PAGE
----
The problem with the majority of real estate surveys and reports is that they are by definition lagging indicators. So while some "experts" are predicting the end of the real estate world and others are assuring us of a soft landing or a gradual deflation of the housing bubble, or employing other euphemisms to comfort the potentially afflicted, there are few current figures to bolster the theories of either group.

The Office of Federal Housing Enterprise Oversight (OFHEO) House Price Index released late last week is a case in point. Although it shows that house-on-house sales prices were up 12.54 nationally over the last year and 2.03 percent during the first quarter of 2006, an annualized rate of 8.12 percent, these figures are lagging from two to five months behind real time events.



The various monthly reports on home sales which come from different sources - The National Association of Realtors, the Census Bureau and Housing and Urban Development, the National Association of Home Builders, and others, all automatically reflect a three week delay in new or existing home sales activities; i.e., April figures are reported near the end of May. Add to that the time it takes from an accepted offer (the current market) to recording the sale, probably an average of six to eight weeks and often even longer for new house figures, and we will have little or no idea where the market is today until sometime in late July.

But, until and unless the crystal ball is perfected, these various studies are the best we have to work with and the devoted student can certainly graph them to try to establish trends. The wise will not, however use the results to sense opportunity or predict disaster.

The OFHEO House Price Index uses data from Fannie Mae and Freddie Mac (the enterprises OFHEO is charged with overseeing) to construct and analyze data on the sales or refinancing of the same house over time. Thus, if a house was mortgaged through a Freddie or Fannie mortgage in 1992, refinanced in 1997, and sold and newly financed in 2006, there will be three data points for that house. Houses which were purchased for cash or through private financing or which have not changed hands or been refinanced through Freddie or Fannie since 1975 are either not included in the survey or may be missing data points corresponding to any non-GSE transactions. The Index currently includes data from 31 million repeat transactions over the last 31 years. Thus, while it is far from a perfect predictor of where we are going, it certainly is a good record of where we have been.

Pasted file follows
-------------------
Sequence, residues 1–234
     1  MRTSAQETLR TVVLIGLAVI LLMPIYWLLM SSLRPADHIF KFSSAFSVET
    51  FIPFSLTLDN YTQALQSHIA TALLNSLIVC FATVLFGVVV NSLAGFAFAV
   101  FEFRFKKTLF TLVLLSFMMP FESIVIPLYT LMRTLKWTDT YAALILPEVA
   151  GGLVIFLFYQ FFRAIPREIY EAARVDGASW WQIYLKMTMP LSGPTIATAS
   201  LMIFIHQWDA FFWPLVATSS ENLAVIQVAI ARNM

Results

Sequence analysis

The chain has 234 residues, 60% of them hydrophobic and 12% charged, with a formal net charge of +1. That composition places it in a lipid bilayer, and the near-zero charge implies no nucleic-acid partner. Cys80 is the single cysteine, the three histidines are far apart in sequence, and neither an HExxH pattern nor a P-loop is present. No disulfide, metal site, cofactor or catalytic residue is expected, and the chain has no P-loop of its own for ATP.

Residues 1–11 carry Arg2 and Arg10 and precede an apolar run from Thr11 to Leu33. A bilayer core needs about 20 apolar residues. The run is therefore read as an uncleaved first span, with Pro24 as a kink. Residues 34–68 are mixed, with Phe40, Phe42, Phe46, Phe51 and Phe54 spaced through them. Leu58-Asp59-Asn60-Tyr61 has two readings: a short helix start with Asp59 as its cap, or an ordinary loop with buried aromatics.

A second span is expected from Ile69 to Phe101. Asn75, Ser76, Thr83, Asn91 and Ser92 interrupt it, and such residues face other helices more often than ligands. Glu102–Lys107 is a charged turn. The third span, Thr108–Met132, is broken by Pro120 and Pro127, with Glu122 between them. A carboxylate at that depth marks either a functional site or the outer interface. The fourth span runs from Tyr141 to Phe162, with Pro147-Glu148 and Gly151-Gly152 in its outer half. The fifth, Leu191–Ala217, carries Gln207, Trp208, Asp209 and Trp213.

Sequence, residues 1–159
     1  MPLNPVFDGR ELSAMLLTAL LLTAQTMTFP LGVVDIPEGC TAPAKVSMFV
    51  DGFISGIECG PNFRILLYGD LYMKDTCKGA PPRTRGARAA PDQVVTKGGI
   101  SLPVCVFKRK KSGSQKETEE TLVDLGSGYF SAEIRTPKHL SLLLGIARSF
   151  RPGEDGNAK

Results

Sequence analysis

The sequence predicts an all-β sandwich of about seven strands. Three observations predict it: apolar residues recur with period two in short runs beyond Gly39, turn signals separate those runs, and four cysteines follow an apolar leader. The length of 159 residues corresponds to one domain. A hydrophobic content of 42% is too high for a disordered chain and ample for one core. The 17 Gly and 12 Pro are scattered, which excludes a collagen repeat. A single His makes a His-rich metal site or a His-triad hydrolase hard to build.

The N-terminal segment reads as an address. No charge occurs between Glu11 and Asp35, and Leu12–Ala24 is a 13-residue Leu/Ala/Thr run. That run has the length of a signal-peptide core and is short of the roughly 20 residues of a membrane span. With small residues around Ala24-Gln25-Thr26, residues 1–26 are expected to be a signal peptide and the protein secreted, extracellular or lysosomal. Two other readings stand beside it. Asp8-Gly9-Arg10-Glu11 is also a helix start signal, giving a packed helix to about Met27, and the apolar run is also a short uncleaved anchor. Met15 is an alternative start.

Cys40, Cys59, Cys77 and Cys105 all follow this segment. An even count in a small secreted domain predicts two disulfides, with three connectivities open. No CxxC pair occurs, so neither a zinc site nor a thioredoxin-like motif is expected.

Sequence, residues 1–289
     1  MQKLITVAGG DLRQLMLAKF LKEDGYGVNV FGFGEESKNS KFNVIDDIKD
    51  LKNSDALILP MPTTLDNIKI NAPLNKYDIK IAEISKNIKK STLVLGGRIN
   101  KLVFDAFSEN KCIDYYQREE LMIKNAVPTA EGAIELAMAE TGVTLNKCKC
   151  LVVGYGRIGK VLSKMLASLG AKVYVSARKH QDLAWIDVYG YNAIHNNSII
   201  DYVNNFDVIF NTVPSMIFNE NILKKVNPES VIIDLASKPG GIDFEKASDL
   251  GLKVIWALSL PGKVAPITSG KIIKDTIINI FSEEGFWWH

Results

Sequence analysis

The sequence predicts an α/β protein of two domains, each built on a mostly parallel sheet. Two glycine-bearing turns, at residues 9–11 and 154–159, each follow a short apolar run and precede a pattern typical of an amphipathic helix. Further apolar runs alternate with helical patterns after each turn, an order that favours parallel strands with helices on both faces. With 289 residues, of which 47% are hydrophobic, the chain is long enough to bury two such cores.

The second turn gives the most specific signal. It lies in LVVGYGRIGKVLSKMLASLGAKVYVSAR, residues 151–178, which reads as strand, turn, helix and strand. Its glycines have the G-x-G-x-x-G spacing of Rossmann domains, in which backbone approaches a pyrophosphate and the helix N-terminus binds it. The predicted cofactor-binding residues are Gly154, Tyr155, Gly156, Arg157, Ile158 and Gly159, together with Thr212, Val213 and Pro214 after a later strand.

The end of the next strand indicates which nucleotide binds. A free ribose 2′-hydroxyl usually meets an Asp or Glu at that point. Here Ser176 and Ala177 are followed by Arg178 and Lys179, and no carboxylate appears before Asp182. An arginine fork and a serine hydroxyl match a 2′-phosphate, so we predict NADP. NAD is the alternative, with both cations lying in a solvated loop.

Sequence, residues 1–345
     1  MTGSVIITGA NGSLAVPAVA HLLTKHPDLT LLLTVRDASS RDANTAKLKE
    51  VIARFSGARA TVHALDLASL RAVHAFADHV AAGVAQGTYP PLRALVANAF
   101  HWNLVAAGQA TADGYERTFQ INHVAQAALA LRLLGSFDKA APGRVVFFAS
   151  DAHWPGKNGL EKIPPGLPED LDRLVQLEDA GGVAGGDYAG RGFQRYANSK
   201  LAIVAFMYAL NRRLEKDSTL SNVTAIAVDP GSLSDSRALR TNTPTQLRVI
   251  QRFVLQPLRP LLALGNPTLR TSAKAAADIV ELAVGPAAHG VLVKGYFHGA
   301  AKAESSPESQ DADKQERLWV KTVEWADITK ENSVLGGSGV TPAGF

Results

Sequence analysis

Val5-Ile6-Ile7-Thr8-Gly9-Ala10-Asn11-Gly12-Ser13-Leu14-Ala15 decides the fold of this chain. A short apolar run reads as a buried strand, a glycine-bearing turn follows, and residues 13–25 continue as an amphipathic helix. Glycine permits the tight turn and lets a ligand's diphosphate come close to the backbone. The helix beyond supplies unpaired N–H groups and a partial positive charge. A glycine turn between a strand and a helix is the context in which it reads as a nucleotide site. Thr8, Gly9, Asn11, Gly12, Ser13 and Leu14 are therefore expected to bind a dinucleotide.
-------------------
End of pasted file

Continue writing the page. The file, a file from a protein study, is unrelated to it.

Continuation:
OFHEO reports its data in a number of different formats. For example, the quarterly index for the last two years looks like this:

Quarter Q. Home Price Appreciation (%) Q. Appreciation Annualized (%) Appreciation Same Quarter a Year Earlier (%)
Q1, 2006 2.03 8.12 12.54
Q4, 2005 3.07 12.28 13.33
Q3, 2005 3.23 12.93 12.71
Q2, 2005 3.66 14.65 14.14
Q1, 2005 2.75 11.00 13.15
Q4, 2004 2.50 10.01 11.99
Q3, 2004 4.54 18.17 12.94
Q2, 2004 2.76 11.06 9.86
Q1, 2004 1.70 6.79 8.24

So, the price appreciation in the first quarter of 2006, when activity was supposed to be slowing, was lower than the previous seven quarters but higher than the rate exactly two years earlier when the housing market preparing to really rev up. Conclusion? None that we are willing to draw.

The current OFHEO study ranks the St. George, Utah area at the top on the basis of housing appreciation. Prices there increased 6.88 percent during the first quarter and 38.40 for the year. St. George, increasingly a retirement destination for folks from Utah and Idaho, was followed by Naples-Marco Island and Cape Coral-Ft. Myers, Florida, both of which had annualized appreciation well over 36 percent. In fact, 10 of the top 20 areas were in Florida. You have to drop down to number 14 on the index, Coeur d'Alene, Idaho, to find a location out of a temperate zone - all but one of the previous 13 (Bend, Oregon) was in the Sun Belt as were 17 of the top 20 with Boise City-Nampa Idaho also breaking the pattern. Interestingly, Las Vegas which has been the phenom of house price appreciation now appears nowhere in the top 20.

So are retirement havens now the only thing driving price increases? Only three of the bottom 20 ranked areas were in temperate zones - two in South Carolina and one in North Carolina. The rest were located in Michigan (eight areas), Ohio (three) Indiana and Colorado (two each), Pennsylvania and Iowa.

For the first time since the fourth quarter of 2002 there were negative appreciation rates noted for some states (although it has occurred in metropolitan areas and 14 of the bottom 20 showed negative appreciation for the first quarter.) Small statewide negative appreciation occurred in both Iowa and South Dakota between the fourth quarter of 2005 and the first quarter of 2006.

Based on the report, housing prices have still continued to grower faster over the past year than prices of non-housing goods and services reflected in the Consumer Price Index. House prices rose 12.5 percent while prices of other goods and services rose only 4.2 percent.